Tue, Feb 27, 2018 - Page 7 News List

US transportation policy shows rising industry influence

VANISHING ACT:Reporters found that a number of regulations put on the agenda of the Department of Transportation under the last administration have been abandoned

AP, WASHINGTON

US President Donald Trump is putting the brakes on attempts to address dangerous safety problems from speeding tractor-trailers to sleepy railroad engineers, as part of his quest to roll back regulations across the government, a review by The Associated Press (AP) of US Department of Transportation (DOT) rule-making activities showed.

A dozen transportation safety rules under development or already adopted have been repealed, withdrawn, delayed or put on the back burner since Trump took office last year. There have been no significant new safety rules approved during that time.

The sidelined rules would have, among other things, required states to conduct annual inspections of commercial bus operators, railroads to operate trains with at least two crew members and automakers to equip cars and light trucks with vehicle-to-vehicle communications to prevent collisions.

In most cases, the rules are opposed by powerful industries. The political appointees running the agencies that write the rules often come from the industries they regulate.

Many of the rules were prompted by tragic events.

“These rules have been written in blood,” International Association of Sheet Metal, Air, Rail and Transportation Workers legislative director John Risch said. “But we’re in a new era now of little-to-no new regulations, no matter how beneficial they might be.”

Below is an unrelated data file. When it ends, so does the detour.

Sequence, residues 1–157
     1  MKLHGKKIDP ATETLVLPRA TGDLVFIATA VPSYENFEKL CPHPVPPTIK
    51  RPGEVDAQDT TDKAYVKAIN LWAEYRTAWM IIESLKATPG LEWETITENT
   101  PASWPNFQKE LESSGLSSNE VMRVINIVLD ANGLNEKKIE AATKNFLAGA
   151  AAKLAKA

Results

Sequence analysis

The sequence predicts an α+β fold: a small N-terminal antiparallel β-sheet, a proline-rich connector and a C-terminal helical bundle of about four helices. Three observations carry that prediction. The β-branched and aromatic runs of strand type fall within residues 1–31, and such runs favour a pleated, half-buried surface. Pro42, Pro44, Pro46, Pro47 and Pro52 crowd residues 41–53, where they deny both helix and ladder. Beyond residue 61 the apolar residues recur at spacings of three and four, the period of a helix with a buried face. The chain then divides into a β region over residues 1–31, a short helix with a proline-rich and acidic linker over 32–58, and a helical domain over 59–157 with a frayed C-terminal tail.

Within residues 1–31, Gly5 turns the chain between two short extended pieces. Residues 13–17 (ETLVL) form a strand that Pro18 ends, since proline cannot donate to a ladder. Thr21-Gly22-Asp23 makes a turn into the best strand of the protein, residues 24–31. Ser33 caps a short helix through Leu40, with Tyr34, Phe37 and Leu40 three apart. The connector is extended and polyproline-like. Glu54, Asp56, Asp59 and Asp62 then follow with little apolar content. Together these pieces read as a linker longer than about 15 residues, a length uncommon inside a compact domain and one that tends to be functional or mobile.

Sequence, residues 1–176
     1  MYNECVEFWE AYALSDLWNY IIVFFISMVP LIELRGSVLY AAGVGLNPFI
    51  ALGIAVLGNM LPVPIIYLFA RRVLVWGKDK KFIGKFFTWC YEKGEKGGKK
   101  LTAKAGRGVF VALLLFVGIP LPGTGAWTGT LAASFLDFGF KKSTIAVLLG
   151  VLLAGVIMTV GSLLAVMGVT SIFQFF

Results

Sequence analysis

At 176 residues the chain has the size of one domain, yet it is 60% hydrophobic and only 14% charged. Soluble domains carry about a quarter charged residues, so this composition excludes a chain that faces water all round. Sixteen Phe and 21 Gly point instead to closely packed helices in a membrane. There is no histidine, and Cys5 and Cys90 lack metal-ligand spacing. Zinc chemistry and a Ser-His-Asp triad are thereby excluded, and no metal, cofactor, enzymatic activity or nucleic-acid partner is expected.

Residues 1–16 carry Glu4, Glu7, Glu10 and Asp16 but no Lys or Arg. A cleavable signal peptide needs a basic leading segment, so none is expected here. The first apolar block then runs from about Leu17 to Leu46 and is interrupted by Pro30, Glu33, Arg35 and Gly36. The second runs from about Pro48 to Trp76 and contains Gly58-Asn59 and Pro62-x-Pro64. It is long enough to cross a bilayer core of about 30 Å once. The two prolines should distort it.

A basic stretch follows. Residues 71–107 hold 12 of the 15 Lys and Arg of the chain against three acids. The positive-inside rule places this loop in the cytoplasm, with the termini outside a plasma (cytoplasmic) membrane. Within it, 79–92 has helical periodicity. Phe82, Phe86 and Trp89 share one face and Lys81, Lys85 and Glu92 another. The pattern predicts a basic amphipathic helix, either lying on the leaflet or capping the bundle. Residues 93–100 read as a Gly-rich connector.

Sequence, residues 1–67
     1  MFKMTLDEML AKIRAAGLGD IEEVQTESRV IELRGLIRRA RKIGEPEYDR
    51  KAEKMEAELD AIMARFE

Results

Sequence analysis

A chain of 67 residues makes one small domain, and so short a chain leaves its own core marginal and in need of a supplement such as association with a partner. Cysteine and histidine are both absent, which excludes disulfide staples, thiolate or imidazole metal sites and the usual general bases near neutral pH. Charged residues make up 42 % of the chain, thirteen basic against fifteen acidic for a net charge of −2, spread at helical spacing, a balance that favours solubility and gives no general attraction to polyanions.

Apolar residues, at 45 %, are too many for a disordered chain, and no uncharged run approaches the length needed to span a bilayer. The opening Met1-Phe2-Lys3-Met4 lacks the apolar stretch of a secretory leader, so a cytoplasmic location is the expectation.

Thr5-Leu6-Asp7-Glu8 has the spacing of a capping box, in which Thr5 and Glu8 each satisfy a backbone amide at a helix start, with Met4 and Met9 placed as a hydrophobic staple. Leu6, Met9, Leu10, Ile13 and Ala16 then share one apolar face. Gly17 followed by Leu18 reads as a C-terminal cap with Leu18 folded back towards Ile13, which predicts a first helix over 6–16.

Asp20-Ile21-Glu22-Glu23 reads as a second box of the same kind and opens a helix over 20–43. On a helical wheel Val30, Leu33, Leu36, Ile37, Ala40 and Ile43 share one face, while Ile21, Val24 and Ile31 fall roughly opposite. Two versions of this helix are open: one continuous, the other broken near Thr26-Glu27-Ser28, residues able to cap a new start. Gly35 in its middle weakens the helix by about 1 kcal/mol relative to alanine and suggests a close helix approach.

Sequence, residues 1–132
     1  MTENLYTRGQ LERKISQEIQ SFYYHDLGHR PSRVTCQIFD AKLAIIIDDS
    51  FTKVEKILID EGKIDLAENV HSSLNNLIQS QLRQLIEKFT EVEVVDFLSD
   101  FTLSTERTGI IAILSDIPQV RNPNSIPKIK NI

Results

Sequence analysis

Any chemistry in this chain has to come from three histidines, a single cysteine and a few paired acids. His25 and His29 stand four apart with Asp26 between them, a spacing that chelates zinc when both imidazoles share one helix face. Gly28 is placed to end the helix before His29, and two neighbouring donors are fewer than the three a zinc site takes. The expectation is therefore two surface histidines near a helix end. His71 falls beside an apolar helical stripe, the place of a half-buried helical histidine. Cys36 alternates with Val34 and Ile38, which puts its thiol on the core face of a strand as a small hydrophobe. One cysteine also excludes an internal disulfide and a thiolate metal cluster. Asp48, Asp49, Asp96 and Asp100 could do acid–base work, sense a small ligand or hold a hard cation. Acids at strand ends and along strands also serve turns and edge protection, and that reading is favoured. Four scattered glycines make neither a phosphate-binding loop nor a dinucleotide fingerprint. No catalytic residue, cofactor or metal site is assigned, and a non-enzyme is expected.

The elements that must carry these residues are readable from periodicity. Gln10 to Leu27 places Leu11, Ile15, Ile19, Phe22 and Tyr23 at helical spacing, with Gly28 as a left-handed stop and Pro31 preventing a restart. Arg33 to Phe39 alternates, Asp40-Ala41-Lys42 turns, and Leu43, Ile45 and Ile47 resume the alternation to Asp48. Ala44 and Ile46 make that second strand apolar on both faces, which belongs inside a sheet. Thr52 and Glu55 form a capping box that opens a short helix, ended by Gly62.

Trump has sought to eliminate regulations throughout the government, viewing them as unnecessary restraints on economic growth. He has ordered that two regulations be identified for elimination for every significant new one issued.

The department has said it can reduce regulations without undermining safety and has questioned the effectiveness of some proposed regulations.

It declined repeated requests since November for an on-the-record interview with a top official to discuss safety regulations.

Instead, the department provided a brief statement from department Deputy General Counsel James Owens saying that new administrations typically take a “fresh look” at regulations, including those that are the most costly.

“We will not finalize a rule simply because it has advanced through preliminary steps,” Owens said. “Even if a rule is ‘one step away,’ if that rule is not justifiable because it harms safety and imposes unnecessarily high economic costs, for example, that rule will not advance.”

One rule, proposed by the department in 2016, would require new heavy trucks to have software that electronically limits their speeds.

The government did not designate a top speed, but said it had studied 60, 65 and 68mph (97kph, 105kph and 109kph.

The White House moved the proposal from its list of active rulemakings to its long-term agenda after Trump took office.

The department said that the rule is not dead, but the department has limited resources and higher priorities.

The rule would save as many as 498 lives per year and produce a net cost savings to society of US$475 million to nearly US$5 billion annually, depending on the top speed the government picked, the department estimated two years ago.

The American Trucking Associations, an industry trade group, initially supported the rule, but now claims credit for stalling it.

The group said it would create dangerous speed differentials between cars and trucks.

Trucking officials met with US Secretary of Transportation Elaine Chao within hours after she took office, association president Chris Spear said.

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